Making the transition to open access publishing requires, in most cases, that the association find alternative funding to offset the costs of producing the journal. Publishing online reduces some costs but the bulk of peerreviewed journal expenses stem from the review process, copyediting, and associated overhead and staff costs. Some organizations adopt article processing charges that the author must pay (usually through his or her institution or research grant) to offset expenses. Developing sponsorships and accepting advertising works well for some, although this can be seen as a culture shift in some associations. Repurposing journal contents for additional value can also bring in the necessary capital.
Another excellent resource is Publishing Open Access Journals: A Brief Overview From the Public Library of Science,18 which describes a range of Open Access publishing from low-cost online-only journals to more expensive highly customized journal production. It contains an excellent analysis of costs involved in producing the Public Library of Science PLoS Biology journal, providing a means to develop a parallel analysis pertinent to the individual association.
The Scholarly Publishing and Academic Resources Coalition (SPARC)19, an initiative developed by the Association of Research Libraries, offers a rich set of information and consulting services to help guide the transition to Open Access publishing. It is an excellent place to start when first broaching the issue, as it will give the reader an up-to-the-minute accounting of where the issue stands and advancements in the field.
ConclusionThis is a complicated issue, but one that is sure to appear on many association board agendas. Because of its complexity, preparing the board for discussion will be critical. An association should never take its journal for granted. The CEO and the board may well be surprised about the mixed underlying assumptions members have about the role the journal plays in the association’s mission.
A few questions to ask when considering the issue are
- What role does the journal play in the association?
- What value do we place on the journal and its contents?
- How broadly do we want our journal distributed?
- What is our position on Open Access?
- How do we want to strategically position ourselves on this issue?
- What will be the impact of that decision, and how will it members? How will it affect our members’ customers?
- What impact would converting to Open Access have on the association (economically, politically, and culturally)?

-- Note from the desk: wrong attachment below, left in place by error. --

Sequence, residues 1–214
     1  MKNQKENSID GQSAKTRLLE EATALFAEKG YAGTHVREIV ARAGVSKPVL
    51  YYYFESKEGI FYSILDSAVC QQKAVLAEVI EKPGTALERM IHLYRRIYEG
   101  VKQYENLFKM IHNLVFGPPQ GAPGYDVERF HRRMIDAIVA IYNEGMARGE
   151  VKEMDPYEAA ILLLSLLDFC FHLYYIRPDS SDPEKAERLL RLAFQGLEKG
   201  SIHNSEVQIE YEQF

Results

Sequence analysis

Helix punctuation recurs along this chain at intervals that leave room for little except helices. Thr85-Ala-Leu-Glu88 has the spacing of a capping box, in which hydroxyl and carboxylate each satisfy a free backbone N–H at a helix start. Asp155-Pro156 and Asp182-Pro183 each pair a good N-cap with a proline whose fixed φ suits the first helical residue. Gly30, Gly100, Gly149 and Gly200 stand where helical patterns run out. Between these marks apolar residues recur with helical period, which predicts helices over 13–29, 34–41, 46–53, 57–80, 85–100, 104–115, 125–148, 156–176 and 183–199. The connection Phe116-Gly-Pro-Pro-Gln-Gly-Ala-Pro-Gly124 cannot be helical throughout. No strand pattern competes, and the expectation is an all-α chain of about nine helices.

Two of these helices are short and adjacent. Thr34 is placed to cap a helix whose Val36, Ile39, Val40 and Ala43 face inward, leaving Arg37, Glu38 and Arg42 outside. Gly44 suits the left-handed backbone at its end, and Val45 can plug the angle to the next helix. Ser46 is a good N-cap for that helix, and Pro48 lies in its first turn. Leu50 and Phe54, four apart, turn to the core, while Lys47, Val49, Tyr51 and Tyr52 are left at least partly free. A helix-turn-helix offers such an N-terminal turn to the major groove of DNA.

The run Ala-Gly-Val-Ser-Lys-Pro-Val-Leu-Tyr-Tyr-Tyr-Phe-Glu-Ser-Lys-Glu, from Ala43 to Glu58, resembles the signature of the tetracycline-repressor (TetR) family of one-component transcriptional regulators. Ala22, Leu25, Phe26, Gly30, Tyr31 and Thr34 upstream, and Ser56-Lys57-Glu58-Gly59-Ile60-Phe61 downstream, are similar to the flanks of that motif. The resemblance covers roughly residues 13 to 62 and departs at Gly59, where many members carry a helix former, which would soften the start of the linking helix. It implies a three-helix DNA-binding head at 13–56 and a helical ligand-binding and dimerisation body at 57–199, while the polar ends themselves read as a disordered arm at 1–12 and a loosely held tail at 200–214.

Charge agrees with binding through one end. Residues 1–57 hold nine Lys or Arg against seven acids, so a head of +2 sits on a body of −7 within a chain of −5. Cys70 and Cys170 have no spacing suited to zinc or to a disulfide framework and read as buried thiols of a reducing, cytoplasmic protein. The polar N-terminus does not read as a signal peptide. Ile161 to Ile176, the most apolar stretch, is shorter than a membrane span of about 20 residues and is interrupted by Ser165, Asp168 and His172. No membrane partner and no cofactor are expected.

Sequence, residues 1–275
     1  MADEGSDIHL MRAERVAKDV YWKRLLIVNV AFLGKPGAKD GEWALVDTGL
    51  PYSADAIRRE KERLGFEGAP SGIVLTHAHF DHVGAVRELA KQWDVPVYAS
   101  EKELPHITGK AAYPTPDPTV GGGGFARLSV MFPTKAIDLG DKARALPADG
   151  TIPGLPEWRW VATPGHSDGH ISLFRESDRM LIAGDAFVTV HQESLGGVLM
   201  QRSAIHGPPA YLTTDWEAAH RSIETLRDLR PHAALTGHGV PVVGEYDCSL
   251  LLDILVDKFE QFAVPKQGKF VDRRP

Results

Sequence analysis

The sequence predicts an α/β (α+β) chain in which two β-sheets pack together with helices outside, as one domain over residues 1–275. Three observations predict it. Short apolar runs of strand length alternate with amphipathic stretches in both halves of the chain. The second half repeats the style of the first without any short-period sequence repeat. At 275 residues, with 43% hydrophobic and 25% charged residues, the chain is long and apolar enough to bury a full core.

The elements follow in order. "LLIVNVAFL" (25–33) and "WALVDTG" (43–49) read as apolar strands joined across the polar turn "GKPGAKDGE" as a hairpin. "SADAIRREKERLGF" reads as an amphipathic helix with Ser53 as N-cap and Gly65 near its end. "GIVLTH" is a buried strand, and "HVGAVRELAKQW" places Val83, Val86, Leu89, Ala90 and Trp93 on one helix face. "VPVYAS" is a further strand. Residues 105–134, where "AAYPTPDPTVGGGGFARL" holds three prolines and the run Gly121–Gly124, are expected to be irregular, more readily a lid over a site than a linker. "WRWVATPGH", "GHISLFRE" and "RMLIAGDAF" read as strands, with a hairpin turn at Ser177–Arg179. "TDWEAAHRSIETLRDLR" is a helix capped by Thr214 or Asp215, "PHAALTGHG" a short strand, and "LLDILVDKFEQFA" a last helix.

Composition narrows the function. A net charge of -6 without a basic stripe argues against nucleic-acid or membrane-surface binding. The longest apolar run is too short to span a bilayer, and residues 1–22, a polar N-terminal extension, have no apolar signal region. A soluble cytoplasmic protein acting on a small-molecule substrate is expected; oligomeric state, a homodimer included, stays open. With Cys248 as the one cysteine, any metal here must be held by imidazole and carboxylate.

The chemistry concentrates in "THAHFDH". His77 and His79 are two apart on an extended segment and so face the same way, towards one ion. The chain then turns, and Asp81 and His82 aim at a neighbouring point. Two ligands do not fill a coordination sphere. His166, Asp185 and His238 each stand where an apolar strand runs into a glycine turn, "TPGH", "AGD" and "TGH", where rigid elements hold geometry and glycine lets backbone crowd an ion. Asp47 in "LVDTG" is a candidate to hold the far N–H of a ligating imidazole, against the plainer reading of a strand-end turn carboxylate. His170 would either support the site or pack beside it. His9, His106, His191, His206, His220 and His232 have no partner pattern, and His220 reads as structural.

- What kind of support are we willing to provide the journal?
- If we decide to adopt Open Access as a publishing model, how do we define success? What are our expectations and how will we measure success?
Susan E. Fox, CAE is vice president of The Forbes Group. She can be reached at firstname.lastname@example.org.
For more information on Open Access, see the August 2007 issue of Associations Now for an interview with Patrick Brown, co-founder of the Public Library of Science and a leading proponent of open access principles.
Notes1 Wikipedia. “Open Access.” http://en.wikipedia.org/wiki/Open_access .
2 Suber, Peter. “Open Access Overview.” www.earlham.edu/~peters/fos/overview.htm.
3 Dotinga, Randy. "Open Access Launches Journal Wars." www.wired.com/news/technology/ medtech/1,72704-0.html.
4 Wikipedia. “Open Access.” http://en.wikipedia.org/wiki/Open_access.
5 July 14, 2007
6 Budapest Open Access Initiative. http://www.soros.org/openaccess/read.shtml .
7 Creative Commons. “History.” http://creativecommons.org/about/history/
8 Suber, Peter. “Open-Access Timeline.” www.earlham.edu/~peters/fos/timeline.htm .
9 Association of College and Research Libraries. “ACRL Begins Scholarly Communication Initiative.” www.ala.org/ala/pressreleasesbucket/acrlbeginsscholarly.htm
10 Suber, Peter.”Open-Access Timeline.” www.earlham.edu/~peters/fos/timeline.htm .
11 University of Illinois at Urbana-Champaign Scholarly Communications Site. “The Cost of Journals.” www.library.uiuc.edu/scholcomm/journalcosts.htm
12 Inside Higher Ed. “Momentum for Open Access Research.” www.insidehighered.com/news/2006/09/06/access
13 “An Open Letter to the Higher Education Community.” http://insidehighered.com/index.php/content/download/77348/1053482/file/FRPAAle tterFinal7-24-06-1.doc
14 The Association of American Publishers. “Scholarly Publishers Oppose Senate Bill 2695.” http://publishers.org/main/PressCenter/Archicves/2006_May/May_02.htm
15 Washington DC Principles for Free Access to Science. “Nonprofit Publishers Oppose Government Mandates for Scientific Publishing.” www.dcprinciples.org/press/2.htm
16 American Society for Cell Biology. “ACSB Position Paper on Public Access to Scientific Literature.” www.ascb.org/index.cfm?navid=10&id=1968&tcode=nws3
17 Open Society Initiative. “Guide to Business Planning for Converting a Subscriptionbased Journal to Open Access.” www.soros.org/openaccess/oajguides/business_converting. pdf
18 Public Library of Science. “Publishing Open Access Journals: A Brief Overview From the Public Library of Science.” www.plos.org/downloads/oa_whitepaper.pdf
19 Association of Research Libraries. “SPARC.” www.arl.org/sparc/about/index.html